Broken roads? You now know who you can call for help

Posted on Apr 14 2018 - 5:40pm by admin


New Delhi: On most important roads in the capital, there now are blue, arrow-shaped signboards that bear the contact numbers of officials responsible for managing Delhi’s throughways. Such boards, meant to fix accountability and improve the road maintenance mechanism, will soon stand on all roads with details of the area’s Public Works Department engineers and the contact numbers of the PWD control room as well.

R K Agarwal, engineerin-chief at PWD, said that the idea behind these boards was to improve the efficiency of complaint disposal. “Many times, when people find a problem with the road or see damage capable of causing an accident, they are unable to contact the right person immediately. With the details on the boards, they can directly contact the officer concerned rather than call on a helpline or take the longer route of filing a complaint,” Agarwal said.

The project will cover all the streets under the jurisdiction of PWD, which has the responsibility of maintaining roads wider than 60 feet in the capital. The agency looks after a 1,280-km network divided into three zones designated north, east and south. Following the directions of the lieutenant gover nor and Delhi gover nment on installing such signboards to enable public interface between engineers and road users, people now have a channel to reach the officials about road obstructions, damaged stretches and encroachments.

A study conducted by Delhi-based Institute of Road Traffic Education on 14 major arteries found that faulty signage was behind many accidents and traffic rule violations. Nearly 70 per cent of Delhi’s road signs were either wrongly designed or located. Of around 1,514 signboards — regulatory, war ning or infor mative — on the surveyed stretches, 1,098 (75%) were determined not to be meeting the prescribed norms.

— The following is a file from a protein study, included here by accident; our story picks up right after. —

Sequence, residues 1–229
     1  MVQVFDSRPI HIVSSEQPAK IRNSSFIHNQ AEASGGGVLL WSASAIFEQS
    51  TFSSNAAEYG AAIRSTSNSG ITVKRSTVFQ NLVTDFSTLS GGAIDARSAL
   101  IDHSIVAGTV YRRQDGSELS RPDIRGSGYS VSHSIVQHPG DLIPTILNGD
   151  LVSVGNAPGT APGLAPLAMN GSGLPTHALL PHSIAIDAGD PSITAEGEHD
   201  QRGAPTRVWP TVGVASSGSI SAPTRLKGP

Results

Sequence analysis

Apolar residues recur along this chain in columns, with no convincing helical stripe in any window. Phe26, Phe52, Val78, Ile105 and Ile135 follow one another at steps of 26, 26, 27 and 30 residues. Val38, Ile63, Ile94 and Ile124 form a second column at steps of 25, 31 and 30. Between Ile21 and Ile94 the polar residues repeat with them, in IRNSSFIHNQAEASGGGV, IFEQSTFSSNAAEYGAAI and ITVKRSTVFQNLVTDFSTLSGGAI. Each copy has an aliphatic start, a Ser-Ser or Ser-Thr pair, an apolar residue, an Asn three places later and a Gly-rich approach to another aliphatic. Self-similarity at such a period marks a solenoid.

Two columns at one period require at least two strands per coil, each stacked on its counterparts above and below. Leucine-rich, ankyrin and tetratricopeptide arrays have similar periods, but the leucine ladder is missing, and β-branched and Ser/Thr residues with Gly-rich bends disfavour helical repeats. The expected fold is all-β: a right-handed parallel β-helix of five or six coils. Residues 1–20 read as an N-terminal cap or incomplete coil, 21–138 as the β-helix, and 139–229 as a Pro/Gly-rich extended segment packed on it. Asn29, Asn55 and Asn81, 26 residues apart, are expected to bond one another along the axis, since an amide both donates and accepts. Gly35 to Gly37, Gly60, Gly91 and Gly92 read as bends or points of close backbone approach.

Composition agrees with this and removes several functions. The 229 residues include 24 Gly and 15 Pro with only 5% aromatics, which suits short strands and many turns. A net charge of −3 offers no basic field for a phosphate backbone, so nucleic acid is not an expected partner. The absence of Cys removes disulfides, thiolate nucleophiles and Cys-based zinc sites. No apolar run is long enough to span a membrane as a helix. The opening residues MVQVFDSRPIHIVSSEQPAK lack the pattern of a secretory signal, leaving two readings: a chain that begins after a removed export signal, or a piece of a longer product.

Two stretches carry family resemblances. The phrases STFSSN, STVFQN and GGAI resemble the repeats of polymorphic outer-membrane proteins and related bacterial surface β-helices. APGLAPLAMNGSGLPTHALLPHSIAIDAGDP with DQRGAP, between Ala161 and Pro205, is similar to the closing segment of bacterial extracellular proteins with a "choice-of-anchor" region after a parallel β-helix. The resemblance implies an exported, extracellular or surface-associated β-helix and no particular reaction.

Most RWAs support the idea of an oversight mechanism on complaints. Chetan Sharma of Greater Kailash II RWA, who is also general secretary of the Confederation of NCR RWAs, said, “People often don’t know whom to call for the various civic problems they face. There are so many control rooms and helplines. It helps to know which officer is directly responsible to know who is superior officers are,” said Sharma. But he also added that officials ignore calls from the residents and so Delhi government should install a monitoring mechanism to keep track of complaints.

“A major problem is the overlapping authority over streets where PWD and corporation roads intersect,” said PWD official, explaining why complaints sometimes took time to be resolved. Six authorities, including the local government bodies, National Highway Authority of India, PWD, DDA and DSIIDC, are responsible for the total road network of 33,868 lane kilometres across Delhi. The blue signboards will at least allow people to know whom to approach in this maze of officialdom.
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